So there is this idea in Judaism of the Lamed Vav or Vavniks, who are thirty six “Just people” from each generation who are tasked with justifying the existence of humanity to God. There are a lot of different artistic and Talmudic interpretations of what or who these Just men and women are, but most famously Andre Schwartz-Bart, a Nobel-Prize-winning Jewish Novelist, detailed the lives of a family of Lamed Vavniks in his book “The Last of the Just.” After learning about the Lamed Vavniks and after reading Schwartz-Bart’s book, I started thinking about how I could try to, through my own writing, justify our humanity to God. “American Wasteland,” is the product of me trying to look at our current world and find the holiness in the everyday. This book can be found at https://www.owlcanyonpress.com/product-page/american-wasteland-stories-by-alexander-shalom-joseph
How did you come to be in Boulder? Tell us about your journey here, and your Jewish journey.
I was born and raised in Gilpin County, about forty minutes West into the mountains from Boulder. My mother is Jewish and works as a high school teacher and my father is Buddhist and works as a travel agent. While growing up in a middle to lower class, White, Christian area, being Jewish was always something that I felt alone in.
I think my Jewish journey really started when I heard my first holocaust. I was in 8th grade and a kid in my class who knew I was Jewish told me this awful joke and I am not exactly sure why or how, but from that point on being Jewish and being proud of that part of me has been very important to me.
I have not had the traditional hebrew school, bar mitzvah Jewish experience because of where I was raised, I have mainly found Jewish community through my family and through Jewish Authors. Around the time of that awful joke, I read “Night” by Elie Wiesel and that was the beginning of really resonating with Judaism and Jewish Authors for me.
While I was finishing my first Master’s at Naropa, I heard this Jacques Derrida quote about claiming your community and in turn being claimed by that community and with that in mind I just leaned into identifying myself as a Jewish American author.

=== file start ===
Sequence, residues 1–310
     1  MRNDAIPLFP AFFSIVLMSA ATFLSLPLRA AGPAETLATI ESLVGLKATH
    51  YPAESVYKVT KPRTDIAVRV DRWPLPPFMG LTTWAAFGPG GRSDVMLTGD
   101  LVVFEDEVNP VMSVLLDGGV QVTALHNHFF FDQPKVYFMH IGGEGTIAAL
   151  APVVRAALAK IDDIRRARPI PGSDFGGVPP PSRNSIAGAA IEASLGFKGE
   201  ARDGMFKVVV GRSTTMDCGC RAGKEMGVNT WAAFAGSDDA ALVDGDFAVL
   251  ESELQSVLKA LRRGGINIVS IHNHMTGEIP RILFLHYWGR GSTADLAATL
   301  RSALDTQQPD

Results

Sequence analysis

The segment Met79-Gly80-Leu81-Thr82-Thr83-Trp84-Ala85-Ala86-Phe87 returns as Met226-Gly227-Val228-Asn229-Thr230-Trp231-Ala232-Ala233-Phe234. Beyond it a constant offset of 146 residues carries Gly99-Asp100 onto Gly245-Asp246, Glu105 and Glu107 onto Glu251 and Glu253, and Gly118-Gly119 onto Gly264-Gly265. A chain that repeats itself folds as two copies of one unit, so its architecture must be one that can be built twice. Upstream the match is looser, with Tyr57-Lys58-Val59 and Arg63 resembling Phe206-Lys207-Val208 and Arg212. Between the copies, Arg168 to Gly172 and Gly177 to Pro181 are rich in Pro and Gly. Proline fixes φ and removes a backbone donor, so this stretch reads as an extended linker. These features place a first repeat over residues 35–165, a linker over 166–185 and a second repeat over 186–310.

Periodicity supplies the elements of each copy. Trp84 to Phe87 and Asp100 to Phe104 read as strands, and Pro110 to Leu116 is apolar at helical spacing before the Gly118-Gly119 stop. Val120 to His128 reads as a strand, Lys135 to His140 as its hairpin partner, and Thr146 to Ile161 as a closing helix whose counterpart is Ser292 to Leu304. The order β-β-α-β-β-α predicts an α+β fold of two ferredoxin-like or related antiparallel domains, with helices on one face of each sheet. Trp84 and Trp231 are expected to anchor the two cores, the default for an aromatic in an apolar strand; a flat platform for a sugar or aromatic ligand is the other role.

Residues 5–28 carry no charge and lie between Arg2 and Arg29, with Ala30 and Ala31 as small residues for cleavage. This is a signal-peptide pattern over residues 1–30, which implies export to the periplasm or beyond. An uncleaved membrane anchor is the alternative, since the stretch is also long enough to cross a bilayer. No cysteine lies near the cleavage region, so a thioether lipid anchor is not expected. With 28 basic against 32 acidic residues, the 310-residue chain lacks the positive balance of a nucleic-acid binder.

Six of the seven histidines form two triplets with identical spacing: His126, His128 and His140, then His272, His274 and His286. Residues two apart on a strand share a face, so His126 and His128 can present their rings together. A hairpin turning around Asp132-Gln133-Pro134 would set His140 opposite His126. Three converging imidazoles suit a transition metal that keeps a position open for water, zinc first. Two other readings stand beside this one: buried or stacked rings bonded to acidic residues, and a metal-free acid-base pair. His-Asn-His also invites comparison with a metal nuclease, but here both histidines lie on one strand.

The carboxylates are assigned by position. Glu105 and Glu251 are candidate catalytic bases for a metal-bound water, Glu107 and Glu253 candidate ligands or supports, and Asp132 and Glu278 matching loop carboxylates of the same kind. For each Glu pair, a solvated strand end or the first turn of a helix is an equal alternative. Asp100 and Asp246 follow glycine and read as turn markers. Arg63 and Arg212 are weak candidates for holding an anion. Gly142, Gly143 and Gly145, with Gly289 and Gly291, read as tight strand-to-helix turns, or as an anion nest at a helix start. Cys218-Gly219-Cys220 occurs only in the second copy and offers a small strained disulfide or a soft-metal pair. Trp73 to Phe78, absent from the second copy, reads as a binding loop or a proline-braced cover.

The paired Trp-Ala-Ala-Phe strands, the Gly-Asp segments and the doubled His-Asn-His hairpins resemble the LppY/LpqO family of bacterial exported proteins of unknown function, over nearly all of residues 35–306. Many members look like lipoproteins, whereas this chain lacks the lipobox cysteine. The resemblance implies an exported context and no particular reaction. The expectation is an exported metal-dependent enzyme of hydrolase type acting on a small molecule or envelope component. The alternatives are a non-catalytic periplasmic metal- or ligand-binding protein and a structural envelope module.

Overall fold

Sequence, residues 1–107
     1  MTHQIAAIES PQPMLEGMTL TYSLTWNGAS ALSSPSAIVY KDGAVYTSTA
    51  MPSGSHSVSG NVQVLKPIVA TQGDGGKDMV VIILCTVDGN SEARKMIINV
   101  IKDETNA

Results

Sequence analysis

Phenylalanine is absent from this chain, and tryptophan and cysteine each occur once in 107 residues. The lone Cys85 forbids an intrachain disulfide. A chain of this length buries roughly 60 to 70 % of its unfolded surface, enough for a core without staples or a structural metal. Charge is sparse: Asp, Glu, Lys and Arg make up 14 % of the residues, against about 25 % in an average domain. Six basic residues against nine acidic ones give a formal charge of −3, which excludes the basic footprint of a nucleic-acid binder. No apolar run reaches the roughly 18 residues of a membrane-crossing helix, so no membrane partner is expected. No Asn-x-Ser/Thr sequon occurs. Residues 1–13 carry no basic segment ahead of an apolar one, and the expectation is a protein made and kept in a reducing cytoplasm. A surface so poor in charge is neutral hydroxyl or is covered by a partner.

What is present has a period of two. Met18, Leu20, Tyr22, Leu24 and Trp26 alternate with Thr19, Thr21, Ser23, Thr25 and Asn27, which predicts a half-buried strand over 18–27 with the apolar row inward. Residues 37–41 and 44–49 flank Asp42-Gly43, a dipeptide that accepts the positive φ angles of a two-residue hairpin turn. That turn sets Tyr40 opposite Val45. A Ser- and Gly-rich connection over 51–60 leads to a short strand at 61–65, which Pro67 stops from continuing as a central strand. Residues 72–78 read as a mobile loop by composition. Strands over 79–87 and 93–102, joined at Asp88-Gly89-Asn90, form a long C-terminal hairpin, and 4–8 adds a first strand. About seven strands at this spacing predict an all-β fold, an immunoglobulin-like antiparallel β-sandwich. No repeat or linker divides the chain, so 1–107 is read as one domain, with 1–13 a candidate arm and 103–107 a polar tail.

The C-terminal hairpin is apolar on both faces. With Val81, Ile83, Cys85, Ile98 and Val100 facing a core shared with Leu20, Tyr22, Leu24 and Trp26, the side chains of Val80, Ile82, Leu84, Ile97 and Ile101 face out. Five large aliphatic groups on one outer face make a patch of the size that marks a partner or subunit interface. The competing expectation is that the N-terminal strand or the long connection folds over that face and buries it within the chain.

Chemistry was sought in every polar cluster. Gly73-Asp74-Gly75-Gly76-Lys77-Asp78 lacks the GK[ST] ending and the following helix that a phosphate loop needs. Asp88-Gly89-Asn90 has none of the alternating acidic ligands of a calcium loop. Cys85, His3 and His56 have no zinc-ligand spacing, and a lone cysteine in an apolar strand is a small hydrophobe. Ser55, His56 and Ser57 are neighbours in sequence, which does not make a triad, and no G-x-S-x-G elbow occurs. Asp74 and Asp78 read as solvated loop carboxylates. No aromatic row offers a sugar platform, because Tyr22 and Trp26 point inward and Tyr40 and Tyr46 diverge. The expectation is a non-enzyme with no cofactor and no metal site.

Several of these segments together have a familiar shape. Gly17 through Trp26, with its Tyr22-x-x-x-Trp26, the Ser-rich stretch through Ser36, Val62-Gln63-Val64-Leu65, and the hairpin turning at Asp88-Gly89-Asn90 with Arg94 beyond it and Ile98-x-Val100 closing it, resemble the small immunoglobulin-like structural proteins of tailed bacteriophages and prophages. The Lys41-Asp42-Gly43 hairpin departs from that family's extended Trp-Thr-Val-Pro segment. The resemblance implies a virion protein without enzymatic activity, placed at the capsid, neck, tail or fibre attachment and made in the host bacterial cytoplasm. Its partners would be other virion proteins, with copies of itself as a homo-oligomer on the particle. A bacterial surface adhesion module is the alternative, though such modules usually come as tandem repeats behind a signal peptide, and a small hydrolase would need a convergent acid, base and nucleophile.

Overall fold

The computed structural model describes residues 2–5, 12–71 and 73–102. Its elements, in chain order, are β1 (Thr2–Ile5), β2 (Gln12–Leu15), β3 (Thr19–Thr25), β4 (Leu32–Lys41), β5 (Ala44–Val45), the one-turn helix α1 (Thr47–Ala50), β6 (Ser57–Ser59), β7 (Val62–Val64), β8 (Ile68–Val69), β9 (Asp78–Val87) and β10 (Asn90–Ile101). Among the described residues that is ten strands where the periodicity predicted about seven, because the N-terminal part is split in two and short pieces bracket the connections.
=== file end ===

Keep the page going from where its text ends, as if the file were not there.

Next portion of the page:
Since then I have in turn felt supported and held by the Jewish Community both in writing and as a whole and I have been able to engage with a lot of likeminded people because of this. I am really grateful to be able to be part of such ancient and wonderful culture and I hope I can be a good representative for our tribe.
Are there any practices or activities or coping strategies that you took on during the pandemic that you think you may continue when it’s done?
During the pandemic, throughout all of the strife and fear and political upheaval, I turned towards gratitude and towards the strength of my ancestors to get me through. Before bed each night, in some sort of prayer I suppose, I speak to things I am grateful for.
When I have been scared about what is ongoing in society and so on, I have reminded myself of what we as Jews have endured for the last 5,000 years and through that I have been given the strength to keep going.
If we have survived genocide after exile after genocide and we are still here, I can continue to move forward and survive too. So both the gratitude and leaning on the strength and bravery of my ancestors are both things which I will continue to do indefinitely and in some ways I am grateful for the pandemic for helping me to feel these things.
Hamantaschen or Latkes?
Latkes most certainly. This is one part of Jewish culture that rural living did not exclude me from. In the past decade much of my mom’s family has moved here, including my beloved grandmother, who has been a great source of Jewish wisdom and care for me. Now that we have so much of our family here, we have started to have Latkes Parties during which we have a sort of Jewish feast. Now when I think of Latkes I think of family, of warmth and love and light and to me that is exactly what the core of Judaism is about.